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  • Renee Cluff

    Email Renee Cluff

    'More exits than entrants' in domestic migration behind slowing of Cairns population growth


    New figures show population growth eased in Cairns last financial year, caused by more Australians moving away from the tropical city than to it.



    Population growth in the Cairns Local Government Area stood at just under 1.1%.

    Putting that into perspective:

    • Population growth in Cairns in 2016/17 was 1.3%
    • The 17 year Cairns average is 2.2% (Since 2001)
    • The overall Queensland growth rate for 2017/18 was 1.7%

    Translating percentages to people, an extra 1,763 residents came to Cairns in 2017/18, bringing the population to 165, 525.

    Herron Todd White Cairns research director Rick Carr said the greater Cairns region could still reach a population of 300,000 by 2030 as predicted by demographers, but not if growth doesn't improve.

    “Certainly if the population growth stays at this rate we’d definitely not make it.

    "To get to 300,000 by 2030 would require 1.5% per annum growth, which is achievable within the bounds of historical normality," he said.

    FEWER AUSTRALIANS MOVING HERE

    It's the detail of the statistics that is perhaps most concerning for Cairns leaders.

    Of the almost 1,800 new people in Cairns:

    • More births than deaths accounted for 1,200 of them
    • 1,100 new residents were from overseas migration
    • There was a 500-person net loss from domestic migration

    Mr Carr said this is the first year such detailed statistics have been available, so there's nothing to compare them to, however the domestic migration numbers surprised him. 

    "Our economic growth rate for that same period was 3.3% and anecdotally, I would have presumed that as the economy grows, there are more jobs and people moving in from Sydney and Melbourne and the like for economic and lifestyle reasons," he said.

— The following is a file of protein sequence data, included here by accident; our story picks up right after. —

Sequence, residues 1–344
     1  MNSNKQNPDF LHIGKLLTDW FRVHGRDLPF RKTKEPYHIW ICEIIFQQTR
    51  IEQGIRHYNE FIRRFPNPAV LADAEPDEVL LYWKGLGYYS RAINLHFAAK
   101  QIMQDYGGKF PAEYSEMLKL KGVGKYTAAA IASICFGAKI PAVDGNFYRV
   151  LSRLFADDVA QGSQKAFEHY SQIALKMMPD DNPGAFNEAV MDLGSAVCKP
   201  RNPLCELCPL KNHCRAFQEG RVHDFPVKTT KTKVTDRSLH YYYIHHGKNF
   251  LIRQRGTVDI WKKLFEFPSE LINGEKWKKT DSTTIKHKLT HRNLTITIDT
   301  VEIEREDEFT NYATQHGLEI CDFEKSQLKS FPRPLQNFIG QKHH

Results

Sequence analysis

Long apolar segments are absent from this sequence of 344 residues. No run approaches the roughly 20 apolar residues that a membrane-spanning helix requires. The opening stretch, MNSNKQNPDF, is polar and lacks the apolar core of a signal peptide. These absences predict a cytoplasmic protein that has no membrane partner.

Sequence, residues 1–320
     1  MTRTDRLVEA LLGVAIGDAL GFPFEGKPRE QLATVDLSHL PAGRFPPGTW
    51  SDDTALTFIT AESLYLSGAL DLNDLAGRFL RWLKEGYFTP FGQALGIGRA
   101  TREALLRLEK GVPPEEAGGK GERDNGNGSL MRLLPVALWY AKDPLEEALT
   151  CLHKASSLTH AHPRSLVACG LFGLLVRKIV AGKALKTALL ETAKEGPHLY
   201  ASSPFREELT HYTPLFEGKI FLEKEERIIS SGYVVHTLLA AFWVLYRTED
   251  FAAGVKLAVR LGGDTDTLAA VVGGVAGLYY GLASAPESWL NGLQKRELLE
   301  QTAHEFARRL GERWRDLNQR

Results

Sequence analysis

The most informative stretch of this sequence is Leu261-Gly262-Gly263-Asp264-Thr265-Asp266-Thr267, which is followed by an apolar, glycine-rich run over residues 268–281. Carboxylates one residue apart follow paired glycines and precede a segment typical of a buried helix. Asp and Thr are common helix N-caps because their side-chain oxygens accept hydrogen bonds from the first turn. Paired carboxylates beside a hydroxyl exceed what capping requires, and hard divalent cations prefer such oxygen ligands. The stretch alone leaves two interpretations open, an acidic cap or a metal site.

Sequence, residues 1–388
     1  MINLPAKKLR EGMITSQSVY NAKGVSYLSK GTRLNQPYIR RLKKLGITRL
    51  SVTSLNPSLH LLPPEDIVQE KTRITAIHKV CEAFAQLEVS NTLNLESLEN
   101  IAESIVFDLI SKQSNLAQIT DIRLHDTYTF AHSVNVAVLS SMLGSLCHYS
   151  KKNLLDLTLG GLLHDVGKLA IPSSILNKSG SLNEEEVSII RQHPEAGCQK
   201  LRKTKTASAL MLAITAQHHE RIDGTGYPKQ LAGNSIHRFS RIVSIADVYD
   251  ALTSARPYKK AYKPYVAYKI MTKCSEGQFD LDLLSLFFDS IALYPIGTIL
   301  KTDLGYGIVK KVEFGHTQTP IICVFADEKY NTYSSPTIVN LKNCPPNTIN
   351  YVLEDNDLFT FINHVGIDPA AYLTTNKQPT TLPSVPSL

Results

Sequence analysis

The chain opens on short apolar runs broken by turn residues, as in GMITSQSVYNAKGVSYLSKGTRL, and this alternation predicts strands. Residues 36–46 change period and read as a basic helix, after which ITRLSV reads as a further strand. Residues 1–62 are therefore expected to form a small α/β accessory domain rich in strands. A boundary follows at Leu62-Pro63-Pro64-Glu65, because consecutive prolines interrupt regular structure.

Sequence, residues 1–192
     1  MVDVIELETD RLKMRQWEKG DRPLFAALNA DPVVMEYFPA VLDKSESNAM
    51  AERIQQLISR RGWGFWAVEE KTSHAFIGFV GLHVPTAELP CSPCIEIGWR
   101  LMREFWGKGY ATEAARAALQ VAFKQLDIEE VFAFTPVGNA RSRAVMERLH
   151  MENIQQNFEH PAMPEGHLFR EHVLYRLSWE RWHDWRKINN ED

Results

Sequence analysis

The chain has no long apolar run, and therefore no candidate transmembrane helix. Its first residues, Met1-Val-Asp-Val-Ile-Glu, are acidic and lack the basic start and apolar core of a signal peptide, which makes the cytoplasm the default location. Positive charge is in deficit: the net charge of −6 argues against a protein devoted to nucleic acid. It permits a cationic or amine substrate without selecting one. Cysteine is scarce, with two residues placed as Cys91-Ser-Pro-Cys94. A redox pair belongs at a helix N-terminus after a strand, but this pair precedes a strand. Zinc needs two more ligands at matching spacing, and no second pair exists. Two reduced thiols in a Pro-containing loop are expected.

"But in this year, the exits exceeded the entrants.

    "That could be for a variety of reasons, like tradesmen moving away because of construction activity elsewhere being better than in Cairns.

    "Plus we get a loss of 20 to 25 year-old students."

    Cairns Chamber of Commerce President Nick Loukas is also stunned by the figures.

    "It's really unexpected and we'd need to look further into the detail," he said.

    "But there's obviously a need for more marketing and more resources put into promoting the region to boost the population."

    Promotion is something Tropic Group managing director Gavin King is already focused on.

    Alongside local businesses, Tropic has been working to design and fund a 12-month "Brand Cairns" marketing campaign, targeting residents in capital cities who might consider moving to the Tropical North.

    "If we want to grow to 300,000 people by 2030 we need to get on the front foot and sell the benefits of moving to Cairns," Mr King said.

    "The local business community is willing to help fund such a campaign but we need Cairns Regional Council, Advance Cairns and the Cairns Chamber of Commerce to drive it forward and work with us to turn it from an idea to action."

    The overall Cairns region, which takes in the Cairns, Cassowary Coast, Tablelands, Mareeba, Yarrabah and Douglas local government areas, welcomed 2,439 more residents last financial year, to bring the region’s total population to more than a quarter of a million at 258,377.

    The worst performing area was the Douglas Shire, which lost four people.

    Mareeba was the best, with growth of 1.41%.

    More details on the statistics will be available from tomorrow through the Cairnswatch newsletter at cairnswatch.com.au